I got this reading tip from James Gurney, whose blog is surely a must for anyone who is into drawing or painting. I have been an admirer of Winston Churchill for years, the man is endlessly fascinating (just look at the length of his Wikipedia article), but I have yet to read a proper biography (length, again – need time…). This is an easy read, though, a short essay concerning his hobby, which was painting in oil. Being Churchill (cousin of the Duke of Marlborough) and not some working/middle class Sunday painter, he was even exhibited at the Royal Academy (he was the first to point out that he was not judged on merit). He writes beautifully (he got the Nobel prize of literature, after all!) and enthusiastically about painting, and I´d like to share some quotes:
“It is no use saying to the tired “mental muscles” – if one may coin such an expression -“I will give you a good rest”, “I will go for a long walk”, or “I will lie down and think of nothing.” The mind keeps busy just the same. If it has been weighing and measuring, it goes on weighing and measuring. If it has been worrying, it goes on worrying. It is only when new cells are called into activity, when new stars become the lords of the ascendant, that relief, repose, refreshment are afforded.”
Churchill was in his 40´s when he first picked up a brush. He fiddled a bit with his children´s paint box one Sunday afternoon, and then bought himself a kit of oil colours. It was 1915, he had just left the Admiralty (he got sacked over Gallipoli, actually) and was a bit frustrated and low, as one can imagine (“my veins threatened to burst“; Churchill suffered from depression his whole life, which he called “the black dog”). So, he set up his painting gear, but:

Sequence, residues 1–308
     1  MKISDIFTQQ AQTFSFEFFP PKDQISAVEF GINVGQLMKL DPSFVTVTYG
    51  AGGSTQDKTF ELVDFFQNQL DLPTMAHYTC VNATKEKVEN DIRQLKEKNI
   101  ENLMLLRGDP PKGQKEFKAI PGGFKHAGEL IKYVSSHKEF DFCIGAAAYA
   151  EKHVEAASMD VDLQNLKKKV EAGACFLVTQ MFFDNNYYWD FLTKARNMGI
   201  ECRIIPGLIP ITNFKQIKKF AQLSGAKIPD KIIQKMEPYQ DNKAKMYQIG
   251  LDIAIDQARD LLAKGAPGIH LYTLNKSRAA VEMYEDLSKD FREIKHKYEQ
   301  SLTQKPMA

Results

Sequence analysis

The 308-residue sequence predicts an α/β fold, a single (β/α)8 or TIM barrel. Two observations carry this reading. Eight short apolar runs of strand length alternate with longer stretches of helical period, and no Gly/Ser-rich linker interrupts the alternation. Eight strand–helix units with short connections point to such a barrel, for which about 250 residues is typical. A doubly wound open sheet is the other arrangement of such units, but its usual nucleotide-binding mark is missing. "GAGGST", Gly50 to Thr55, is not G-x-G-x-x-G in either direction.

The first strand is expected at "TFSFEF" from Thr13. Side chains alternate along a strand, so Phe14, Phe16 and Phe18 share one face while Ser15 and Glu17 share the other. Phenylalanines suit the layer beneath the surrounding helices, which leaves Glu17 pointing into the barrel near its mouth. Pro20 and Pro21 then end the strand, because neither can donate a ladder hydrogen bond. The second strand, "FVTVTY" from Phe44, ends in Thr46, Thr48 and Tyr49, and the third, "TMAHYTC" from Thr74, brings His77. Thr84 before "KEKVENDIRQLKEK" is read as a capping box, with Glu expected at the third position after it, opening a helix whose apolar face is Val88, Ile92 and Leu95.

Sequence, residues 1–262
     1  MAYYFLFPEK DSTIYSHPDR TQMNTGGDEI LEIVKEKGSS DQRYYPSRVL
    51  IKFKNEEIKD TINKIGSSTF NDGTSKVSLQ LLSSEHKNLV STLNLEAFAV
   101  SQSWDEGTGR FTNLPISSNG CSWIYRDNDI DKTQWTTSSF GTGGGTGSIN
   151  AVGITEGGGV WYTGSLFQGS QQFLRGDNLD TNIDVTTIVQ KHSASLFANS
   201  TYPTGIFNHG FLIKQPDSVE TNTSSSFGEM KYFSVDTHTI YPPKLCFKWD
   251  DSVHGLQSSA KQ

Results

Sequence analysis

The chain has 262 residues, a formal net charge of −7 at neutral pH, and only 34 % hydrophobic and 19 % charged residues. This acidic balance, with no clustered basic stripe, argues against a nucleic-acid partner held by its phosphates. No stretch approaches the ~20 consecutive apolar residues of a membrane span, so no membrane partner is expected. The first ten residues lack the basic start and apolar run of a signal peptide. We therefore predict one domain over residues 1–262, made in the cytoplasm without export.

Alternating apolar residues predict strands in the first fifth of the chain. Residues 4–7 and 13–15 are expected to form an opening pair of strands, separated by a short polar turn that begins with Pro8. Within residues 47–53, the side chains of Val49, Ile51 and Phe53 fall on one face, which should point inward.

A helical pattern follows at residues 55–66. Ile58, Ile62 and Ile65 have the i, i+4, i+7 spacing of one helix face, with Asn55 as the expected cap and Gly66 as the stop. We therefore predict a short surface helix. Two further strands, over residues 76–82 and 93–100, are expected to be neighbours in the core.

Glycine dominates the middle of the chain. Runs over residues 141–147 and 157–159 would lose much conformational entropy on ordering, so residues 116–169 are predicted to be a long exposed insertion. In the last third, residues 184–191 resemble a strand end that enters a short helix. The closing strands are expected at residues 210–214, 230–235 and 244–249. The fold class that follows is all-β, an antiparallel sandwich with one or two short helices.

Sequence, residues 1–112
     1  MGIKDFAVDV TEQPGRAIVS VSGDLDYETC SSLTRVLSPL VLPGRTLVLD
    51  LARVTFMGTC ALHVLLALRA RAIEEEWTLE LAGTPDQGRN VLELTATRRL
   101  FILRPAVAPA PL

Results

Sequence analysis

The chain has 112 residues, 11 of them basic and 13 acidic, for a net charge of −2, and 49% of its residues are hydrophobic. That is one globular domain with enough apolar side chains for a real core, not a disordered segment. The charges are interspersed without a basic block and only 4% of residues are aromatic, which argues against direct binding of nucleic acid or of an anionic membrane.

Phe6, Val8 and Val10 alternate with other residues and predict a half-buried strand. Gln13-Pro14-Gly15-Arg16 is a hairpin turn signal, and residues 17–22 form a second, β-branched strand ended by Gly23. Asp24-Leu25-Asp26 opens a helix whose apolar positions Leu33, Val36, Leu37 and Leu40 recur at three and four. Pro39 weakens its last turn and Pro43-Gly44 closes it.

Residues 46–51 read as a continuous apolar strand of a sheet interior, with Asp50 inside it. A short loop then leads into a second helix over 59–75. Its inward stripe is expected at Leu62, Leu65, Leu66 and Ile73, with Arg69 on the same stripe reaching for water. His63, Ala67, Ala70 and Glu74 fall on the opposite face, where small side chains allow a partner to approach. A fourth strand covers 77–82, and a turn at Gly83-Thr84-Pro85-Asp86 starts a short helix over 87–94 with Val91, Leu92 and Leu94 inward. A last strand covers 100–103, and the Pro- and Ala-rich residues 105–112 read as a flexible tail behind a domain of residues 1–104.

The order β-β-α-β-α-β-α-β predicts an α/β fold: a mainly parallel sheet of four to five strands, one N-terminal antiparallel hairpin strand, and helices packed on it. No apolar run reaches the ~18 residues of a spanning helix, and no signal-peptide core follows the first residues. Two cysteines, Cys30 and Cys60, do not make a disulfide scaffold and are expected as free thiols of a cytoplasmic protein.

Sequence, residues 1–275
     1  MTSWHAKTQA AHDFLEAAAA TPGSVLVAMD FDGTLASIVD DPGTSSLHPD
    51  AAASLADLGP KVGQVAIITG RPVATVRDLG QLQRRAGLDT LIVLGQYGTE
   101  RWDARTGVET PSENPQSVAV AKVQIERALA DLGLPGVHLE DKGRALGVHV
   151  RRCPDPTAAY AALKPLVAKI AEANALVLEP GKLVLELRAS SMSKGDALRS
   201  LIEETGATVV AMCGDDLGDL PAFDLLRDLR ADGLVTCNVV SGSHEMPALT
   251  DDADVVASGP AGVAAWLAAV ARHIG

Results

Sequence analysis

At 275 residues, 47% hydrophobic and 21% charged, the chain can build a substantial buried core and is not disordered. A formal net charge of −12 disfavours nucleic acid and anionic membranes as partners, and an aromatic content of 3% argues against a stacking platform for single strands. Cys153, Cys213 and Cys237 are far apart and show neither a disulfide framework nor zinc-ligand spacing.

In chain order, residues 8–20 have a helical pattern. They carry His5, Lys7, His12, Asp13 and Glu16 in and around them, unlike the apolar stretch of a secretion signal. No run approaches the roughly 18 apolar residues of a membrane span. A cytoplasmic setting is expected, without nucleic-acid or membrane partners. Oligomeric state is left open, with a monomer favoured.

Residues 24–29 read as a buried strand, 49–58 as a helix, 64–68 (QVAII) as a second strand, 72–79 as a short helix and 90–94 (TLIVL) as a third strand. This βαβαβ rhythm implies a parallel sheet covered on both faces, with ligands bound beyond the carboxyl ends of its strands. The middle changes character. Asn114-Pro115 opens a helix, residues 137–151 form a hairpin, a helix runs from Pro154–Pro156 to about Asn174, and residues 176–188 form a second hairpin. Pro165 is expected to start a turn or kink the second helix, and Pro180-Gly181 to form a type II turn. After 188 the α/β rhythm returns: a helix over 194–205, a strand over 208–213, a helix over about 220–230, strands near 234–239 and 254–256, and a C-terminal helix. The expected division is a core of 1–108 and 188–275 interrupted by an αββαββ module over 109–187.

“My hand seemed arrested by a silent veto. But after all, the sky on this occasion was unquestionably blue, and a pale blue at that. There could be no doubt that blue paint mixed with white should be put on the top part of the canvas. One really does not need to have had an artist´s training to see that. It is a starting-point open to all. So very gingerly I mixed a little blue paint on the palette with a very small brush, and then with infinite precaution made a mark about as big as a bean upon the affronted snow-white shield.”
Luckily for Churchill, at that moment appeared a Lady Lavery, come to visit, with some experience in painting. She grabbed his brush, and:
“Splash into the turpentine, wallop into the blue and the white, frantic flourish on the palette – clean no longer – and then several large, fierce strokes and slashes of blue on the absolutely cowering canvas. Anyone could see that it could not hit back. No evil fate avenged the jaunty violence. The canvas grinned in helplesness before me. The spell was broken. The sickly inhibitions rolled away. I seized the largest brush and fell upon my victim with Berserk fury. I have never felt any awe of a canvas since.”
Can you see it? It´s almost poetic, and so vivid a scene! He goes on to liken painting to fighting a battle, or trying to, arguing that this is a battle that can not be won, and which is more interesting because of it. When he gets to heaven, he means to “spend a considerable portion of my first million years in painting, and so get to the bottom of the subject.” Painting, thus, affords endless amounts of earthly pleasure. He also praises the hightened awareness that observation in order to reproduce gives: “Once you begin to study it, all Nature is equally interesting and equally charged with beauty.”
Hear, hear. You can see a series of his paintings here. My ink sketches are in line with the InkTober Challenge.